A few weeks back, The New York Times Magazine wondered whether the graphic novel would supplant the more traditional sort. Perhaps, but this maturing medium doesn’t intimidate the novelists and critics in Give Our Regards to the Atomsmashers!, who have penned 17 rhapsodies to the glorious underpinning comics can provide the literary life. Aimee Bender draws a parallel between Chekhov’s maxim that “good writing should be grasped at once—in a second” and Chester Brown’s simple panels in Yummy Fur, where two storylines unfold side by side, stoking the teen protagonist’s rage until the “page begin[s] to thrum with it.” A full-page illo opens each essay, including some overstuffed graphics from Howard Chaykin’s mid-’80s American Flagg. Novelist Steve Erickson champions the series’ “vaguely populist iconoclasm, a seething indignation that patriotism somehow had been requisitioned by the political right.”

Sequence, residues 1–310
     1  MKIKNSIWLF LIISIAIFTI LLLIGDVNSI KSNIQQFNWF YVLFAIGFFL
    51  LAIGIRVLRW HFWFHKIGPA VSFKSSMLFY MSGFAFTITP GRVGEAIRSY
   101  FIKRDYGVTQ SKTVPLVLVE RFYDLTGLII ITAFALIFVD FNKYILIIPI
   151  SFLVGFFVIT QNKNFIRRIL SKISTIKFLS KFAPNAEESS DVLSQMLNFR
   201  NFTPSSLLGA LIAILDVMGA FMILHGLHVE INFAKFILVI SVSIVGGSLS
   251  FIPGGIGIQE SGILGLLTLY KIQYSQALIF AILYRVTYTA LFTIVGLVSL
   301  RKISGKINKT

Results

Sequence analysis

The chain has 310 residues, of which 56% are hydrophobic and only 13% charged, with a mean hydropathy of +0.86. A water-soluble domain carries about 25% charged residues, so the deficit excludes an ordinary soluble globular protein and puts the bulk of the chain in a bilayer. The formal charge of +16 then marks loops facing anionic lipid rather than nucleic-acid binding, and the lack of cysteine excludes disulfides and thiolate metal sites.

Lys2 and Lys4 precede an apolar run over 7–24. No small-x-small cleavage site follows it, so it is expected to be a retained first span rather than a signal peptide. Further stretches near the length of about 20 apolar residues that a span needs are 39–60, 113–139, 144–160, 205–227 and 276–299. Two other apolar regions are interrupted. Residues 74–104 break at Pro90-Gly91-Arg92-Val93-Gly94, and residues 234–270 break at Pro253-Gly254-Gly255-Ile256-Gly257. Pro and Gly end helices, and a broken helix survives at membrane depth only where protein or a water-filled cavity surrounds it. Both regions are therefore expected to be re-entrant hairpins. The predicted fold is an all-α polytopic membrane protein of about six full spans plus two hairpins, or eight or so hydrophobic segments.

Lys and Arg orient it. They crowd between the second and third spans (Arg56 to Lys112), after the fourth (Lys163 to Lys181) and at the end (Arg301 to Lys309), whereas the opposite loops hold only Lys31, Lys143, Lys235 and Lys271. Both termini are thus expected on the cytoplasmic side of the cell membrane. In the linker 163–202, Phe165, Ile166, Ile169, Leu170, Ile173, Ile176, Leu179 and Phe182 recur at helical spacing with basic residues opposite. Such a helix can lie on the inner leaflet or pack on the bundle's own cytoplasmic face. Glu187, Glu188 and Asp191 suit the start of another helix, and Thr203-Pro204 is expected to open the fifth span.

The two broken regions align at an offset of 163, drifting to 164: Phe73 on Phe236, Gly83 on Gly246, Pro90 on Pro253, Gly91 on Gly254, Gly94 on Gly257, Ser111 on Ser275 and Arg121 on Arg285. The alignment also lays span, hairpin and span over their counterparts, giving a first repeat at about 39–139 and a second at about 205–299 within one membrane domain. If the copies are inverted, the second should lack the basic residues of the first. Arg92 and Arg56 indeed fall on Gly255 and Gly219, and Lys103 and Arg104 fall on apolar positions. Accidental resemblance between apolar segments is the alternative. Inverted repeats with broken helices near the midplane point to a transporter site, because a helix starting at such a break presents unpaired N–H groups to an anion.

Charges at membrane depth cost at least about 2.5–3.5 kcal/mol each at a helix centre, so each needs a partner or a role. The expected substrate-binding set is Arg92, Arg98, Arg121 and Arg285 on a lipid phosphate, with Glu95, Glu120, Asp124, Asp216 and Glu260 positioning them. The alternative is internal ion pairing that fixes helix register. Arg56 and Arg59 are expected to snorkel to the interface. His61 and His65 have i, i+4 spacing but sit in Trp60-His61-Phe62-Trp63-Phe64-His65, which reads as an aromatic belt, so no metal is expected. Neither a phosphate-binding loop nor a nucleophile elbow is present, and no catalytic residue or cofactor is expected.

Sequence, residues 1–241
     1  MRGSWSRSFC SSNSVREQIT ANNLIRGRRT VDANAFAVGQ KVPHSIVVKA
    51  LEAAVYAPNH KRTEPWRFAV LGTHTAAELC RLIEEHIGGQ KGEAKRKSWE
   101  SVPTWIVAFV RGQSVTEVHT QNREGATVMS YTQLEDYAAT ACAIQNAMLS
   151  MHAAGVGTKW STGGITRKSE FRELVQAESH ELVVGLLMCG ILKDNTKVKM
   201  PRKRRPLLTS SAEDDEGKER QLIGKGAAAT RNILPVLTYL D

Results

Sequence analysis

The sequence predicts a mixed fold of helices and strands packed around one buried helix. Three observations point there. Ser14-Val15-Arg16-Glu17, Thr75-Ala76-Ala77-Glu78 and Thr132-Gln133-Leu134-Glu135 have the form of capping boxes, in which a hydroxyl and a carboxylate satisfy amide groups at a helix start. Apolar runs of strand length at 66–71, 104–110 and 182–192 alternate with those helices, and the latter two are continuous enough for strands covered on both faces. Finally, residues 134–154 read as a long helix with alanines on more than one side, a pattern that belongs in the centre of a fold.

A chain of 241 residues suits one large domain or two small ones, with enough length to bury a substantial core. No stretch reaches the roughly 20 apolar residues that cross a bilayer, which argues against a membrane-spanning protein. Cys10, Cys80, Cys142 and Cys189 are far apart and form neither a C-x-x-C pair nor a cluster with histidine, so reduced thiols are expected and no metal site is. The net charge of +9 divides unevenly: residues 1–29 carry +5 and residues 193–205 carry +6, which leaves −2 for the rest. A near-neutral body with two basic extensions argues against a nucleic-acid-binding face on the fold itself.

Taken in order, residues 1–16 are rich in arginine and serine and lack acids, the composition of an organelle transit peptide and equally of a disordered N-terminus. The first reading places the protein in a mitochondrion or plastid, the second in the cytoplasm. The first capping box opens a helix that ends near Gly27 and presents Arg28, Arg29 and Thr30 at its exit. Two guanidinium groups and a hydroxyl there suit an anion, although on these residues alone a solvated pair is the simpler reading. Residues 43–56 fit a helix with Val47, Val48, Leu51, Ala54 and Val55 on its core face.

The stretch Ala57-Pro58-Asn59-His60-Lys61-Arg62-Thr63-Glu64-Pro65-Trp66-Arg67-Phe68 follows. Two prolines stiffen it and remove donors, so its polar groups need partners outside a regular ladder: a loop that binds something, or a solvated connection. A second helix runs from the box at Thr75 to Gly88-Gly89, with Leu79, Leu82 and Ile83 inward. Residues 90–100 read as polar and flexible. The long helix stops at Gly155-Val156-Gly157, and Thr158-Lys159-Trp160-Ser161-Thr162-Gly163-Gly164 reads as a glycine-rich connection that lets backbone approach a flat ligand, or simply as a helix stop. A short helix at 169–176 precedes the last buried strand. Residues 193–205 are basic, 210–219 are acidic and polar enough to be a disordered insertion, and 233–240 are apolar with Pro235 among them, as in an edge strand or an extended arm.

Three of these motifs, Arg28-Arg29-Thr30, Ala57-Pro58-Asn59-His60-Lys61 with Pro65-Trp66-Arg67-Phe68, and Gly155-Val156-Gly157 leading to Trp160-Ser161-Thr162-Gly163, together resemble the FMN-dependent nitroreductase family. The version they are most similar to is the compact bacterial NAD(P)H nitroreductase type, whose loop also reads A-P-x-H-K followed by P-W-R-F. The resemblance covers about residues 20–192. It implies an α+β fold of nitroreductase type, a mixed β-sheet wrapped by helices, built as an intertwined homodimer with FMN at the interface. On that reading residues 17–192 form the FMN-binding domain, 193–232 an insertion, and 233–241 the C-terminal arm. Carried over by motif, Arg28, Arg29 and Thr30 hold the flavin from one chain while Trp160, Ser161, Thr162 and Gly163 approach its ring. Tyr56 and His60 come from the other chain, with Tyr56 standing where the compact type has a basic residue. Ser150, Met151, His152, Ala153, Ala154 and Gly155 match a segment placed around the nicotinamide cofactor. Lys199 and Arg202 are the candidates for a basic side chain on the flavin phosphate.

The highlight is Glen David Gold’s funny, irresistible memoir about comic connoisseurship (“I have a secret weapon as a collector: I can get along with the clinically insane”), featuring Marvel’s soul-weary Adam Warlock (1975). In the best literary tradition, Gold uses this tortured demigod in sagging red cape—”Everything I’ve ever cared for or accomplished has fallen into ruin!”—to illustrate how even minor heroics make workaday existence profound.
This article from the Village Voice Archive was posted on July 27, 2004